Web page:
7 things to know about Hispanic heritage in KC

Posted at 4:31 PM, Sep 15, 2015
and last updated 2015-09-15 17:31:32-04

National Hispanic Heritage Month came into being in 1988, when President Ronald Reagan expanded the week-long celebration introduced by President Lyndon Johnson 20 years earlier.

With an Hispanic community that dates from the 1800s to the present, Kansas City has plenty to celebrate! 

7 things to know

1. The cities. According to the 2010 US Census, people identifying themselves as Hispanic make up 27 percent of the Kansas City, Kan. population and 10 percent of the Kansas City, Mo. population. 

2. The suburbs. Johnson County, Kan. is the local area seeing the biggest burst in Hispanic population, partly because city government in Olathe has decided to make it easier for immigrants to assimilate.

The Olathe Latino Coalition is hosting Girl Scout-friendly events during Hispanic Heritage month. In fact, Girl Scouts can earn a Historic Heritage patch if they participate. Read more about activities in Olathe here.

3. People. The average age of an Hispanic person in the Kansas City metro is 24 years old. 40 percent of the Hispanics in the metro are 24 years or younger. (Hispanic Chamber of Commerce of Greater Kansas City)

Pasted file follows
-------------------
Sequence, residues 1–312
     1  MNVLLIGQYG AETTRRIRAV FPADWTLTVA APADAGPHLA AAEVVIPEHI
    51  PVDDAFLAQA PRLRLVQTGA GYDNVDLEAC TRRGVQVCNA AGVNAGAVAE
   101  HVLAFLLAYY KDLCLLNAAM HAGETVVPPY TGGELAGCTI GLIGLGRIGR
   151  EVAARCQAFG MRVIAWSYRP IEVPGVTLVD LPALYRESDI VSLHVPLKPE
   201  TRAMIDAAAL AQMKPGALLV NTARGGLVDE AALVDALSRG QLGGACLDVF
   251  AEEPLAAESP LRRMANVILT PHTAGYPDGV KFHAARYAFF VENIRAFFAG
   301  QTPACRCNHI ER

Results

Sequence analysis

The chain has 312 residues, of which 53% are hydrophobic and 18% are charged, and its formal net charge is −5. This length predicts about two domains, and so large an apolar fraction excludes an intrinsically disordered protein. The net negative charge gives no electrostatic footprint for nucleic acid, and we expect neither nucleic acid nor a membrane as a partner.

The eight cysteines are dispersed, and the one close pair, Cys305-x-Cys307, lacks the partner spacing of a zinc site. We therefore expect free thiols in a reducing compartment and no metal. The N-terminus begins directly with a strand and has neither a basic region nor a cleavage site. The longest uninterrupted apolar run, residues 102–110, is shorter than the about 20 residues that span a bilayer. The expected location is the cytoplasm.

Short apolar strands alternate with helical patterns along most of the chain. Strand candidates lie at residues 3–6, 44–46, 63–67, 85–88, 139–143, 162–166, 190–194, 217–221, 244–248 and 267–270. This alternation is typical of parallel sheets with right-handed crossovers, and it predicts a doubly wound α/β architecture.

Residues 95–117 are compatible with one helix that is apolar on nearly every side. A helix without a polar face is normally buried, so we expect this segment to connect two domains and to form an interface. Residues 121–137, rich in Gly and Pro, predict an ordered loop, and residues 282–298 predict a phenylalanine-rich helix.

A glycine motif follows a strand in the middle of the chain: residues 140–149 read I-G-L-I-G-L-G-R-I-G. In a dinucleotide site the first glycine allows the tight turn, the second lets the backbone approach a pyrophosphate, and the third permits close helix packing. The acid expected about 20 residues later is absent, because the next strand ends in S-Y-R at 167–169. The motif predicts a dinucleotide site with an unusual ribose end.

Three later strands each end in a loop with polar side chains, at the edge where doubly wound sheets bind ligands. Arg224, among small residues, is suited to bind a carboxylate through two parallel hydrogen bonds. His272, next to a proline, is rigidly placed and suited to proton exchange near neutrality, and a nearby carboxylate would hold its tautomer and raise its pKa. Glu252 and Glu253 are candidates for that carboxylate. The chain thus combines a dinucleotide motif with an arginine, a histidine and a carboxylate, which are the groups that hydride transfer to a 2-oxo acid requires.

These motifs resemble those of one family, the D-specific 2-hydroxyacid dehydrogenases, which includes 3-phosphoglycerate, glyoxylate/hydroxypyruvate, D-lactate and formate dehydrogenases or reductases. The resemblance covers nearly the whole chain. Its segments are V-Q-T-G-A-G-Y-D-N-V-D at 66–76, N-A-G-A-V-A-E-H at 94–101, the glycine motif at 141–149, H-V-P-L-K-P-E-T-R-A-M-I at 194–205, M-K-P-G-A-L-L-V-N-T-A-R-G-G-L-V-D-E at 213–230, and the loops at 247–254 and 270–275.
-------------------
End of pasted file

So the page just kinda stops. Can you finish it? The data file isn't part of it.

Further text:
MORE: Take the NBC Hispanic Heritage Month quiz

4. History. Hispanic roots in the Kansas City area reach back to 1830s, when the Santa Fe Trail opened up trade from Mexico. Later, immigrants came in a new wave, with the establishment of railroads on both sides of the state line.

RELATED: State Line Hispanic Communities Have Deep Roots In Kansas City History (

5. Faith. Father Jose Muñoz founded Our Lady of Guadalupe on 23rd Street in Kansas City, Mo. in 1914. The Catholic parish served as an early hub for new arrivals from Mexico. A school founded in 1915 still serves the community.

6. Big business. According to the Hispanic Chamber of Commerce of Greater Kansas City, the Hispanic market’s size is growing nationwide, with buying power that amounts to $1.5 trillion. 

7. Celebrate! Activities around the region kicked off with Fiesta Hispana, Sept. 11-13, and there is more to come.

Latino or Hispanic? This is a widely debated question. Here's what the website Diffen says: Even though both terms are used interchangeably, there is a difference between Hispanic and Latino. Hispanic is a term that originally denoted a relationship to ancient Hispania (Iberian Peninsula). Now it relates to the contemporary nation of Spain, its history, and culture; a native of Spain residing in the United States is a Hispanic. Latino refers more exclusively to persons or communities of Latin American origin. 

Learn more about National Hispanic Heritage Month.